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Sheriff says inadequate funding led to budget shortfall


Jefferson County Sheriff Gerald Robinson said Thursday that a shortfall in funds to cover salaries and benefits for the adult jail and juvenile detention center occurred because those agencies did not receive all the money they needed to operate at the beginning of the year.

Robinson, Chief Deputy Sheriff and Jail Administrator Greg Bolin, Operations Commander Major Lafayette Woods Jr., and Chris Brown, the office manager for the sheriff’s department, sat down with a reporter to discuss the shortages, which on Wednesday prompted County Judge Dutch King to call for a state audit.

“We sent a budget of $4.5 million for the adult jail because that’s what it has been almost every year since it opened,” Bolin said.

The 2013 budget that was approved in March gave the adult jail just over $3.5 million.

On Monday, the Quorum Court approved a 2014 budget of $3,818,966 for the adult jail.

“Since the prison reform act, the jail has been full,” Robinson said. “That means the cost of food has gone up, medicine has gone up, electricity has gone up, things we can’t control.”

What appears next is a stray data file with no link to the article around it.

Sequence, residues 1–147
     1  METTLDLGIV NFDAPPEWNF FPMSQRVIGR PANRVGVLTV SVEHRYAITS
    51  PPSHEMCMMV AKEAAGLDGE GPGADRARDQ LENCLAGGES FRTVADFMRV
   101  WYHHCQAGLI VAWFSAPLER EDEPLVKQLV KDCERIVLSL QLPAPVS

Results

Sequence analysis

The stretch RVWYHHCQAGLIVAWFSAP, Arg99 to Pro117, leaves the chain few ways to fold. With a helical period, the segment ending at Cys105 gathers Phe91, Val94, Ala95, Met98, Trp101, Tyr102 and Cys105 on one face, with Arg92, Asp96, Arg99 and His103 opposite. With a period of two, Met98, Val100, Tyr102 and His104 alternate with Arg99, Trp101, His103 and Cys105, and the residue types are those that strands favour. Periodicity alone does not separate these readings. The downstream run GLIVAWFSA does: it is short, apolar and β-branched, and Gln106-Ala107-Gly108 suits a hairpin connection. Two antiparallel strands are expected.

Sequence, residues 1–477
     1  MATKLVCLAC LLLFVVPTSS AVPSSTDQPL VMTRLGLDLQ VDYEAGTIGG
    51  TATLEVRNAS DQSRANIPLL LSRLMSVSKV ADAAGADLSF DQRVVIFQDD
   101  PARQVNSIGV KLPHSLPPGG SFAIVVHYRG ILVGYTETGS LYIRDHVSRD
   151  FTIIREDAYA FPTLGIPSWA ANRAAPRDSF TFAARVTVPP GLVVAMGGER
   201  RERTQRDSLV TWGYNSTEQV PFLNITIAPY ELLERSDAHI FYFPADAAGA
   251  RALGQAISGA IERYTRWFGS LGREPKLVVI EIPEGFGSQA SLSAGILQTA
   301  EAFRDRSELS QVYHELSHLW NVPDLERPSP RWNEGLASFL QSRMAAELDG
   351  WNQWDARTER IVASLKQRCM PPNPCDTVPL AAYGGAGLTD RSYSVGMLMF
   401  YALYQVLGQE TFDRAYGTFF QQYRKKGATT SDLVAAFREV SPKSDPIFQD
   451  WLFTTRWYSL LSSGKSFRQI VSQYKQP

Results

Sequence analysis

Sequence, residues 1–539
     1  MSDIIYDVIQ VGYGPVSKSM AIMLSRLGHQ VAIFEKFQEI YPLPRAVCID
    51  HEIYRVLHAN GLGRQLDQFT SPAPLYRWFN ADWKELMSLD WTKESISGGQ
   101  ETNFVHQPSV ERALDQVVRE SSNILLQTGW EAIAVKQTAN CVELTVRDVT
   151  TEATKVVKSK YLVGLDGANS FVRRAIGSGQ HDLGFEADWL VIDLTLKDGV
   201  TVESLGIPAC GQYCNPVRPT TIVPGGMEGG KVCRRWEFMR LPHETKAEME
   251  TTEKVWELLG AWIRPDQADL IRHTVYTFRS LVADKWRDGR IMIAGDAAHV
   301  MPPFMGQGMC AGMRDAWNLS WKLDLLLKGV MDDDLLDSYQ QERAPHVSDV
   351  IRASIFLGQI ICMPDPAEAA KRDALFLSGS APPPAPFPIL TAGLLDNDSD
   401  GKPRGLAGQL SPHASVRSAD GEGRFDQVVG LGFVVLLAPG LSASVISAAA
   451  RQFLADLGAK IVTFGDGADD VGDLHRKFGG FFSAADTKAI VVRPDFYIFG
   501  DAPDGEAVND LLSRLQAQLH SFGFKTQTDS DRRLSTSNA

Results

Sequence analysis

Bolin said that with more than 300 prisoners a day, means cooks have to prepare more than 900 meals daily.

“We have no choice constitutionally. We have to have a jail,” Robinson said. “We can’t control the costs.”

Before the opening of the jail in 2007, deputies were transporting prisoners to other jails in Southeast Arkansas, and Bolin said the Quorum Court was being asked on an almost monthly basis to approve supplemental appropriations of $10,000 to $20,000 to cover expenses.

“I think the Quorum Court has lost sight of that,” Woods said. “The jail is a necessary evil. We’ve got to have it. It’s not our fault the population has declined and we’ve lost tax revenue.”

In addition, Robinson and Woods said the financial situation for the jail would be better if the Jefferson County District Court was not receiving money from the quarter-cent sales tax approved by county voters for jail maintenance and operations.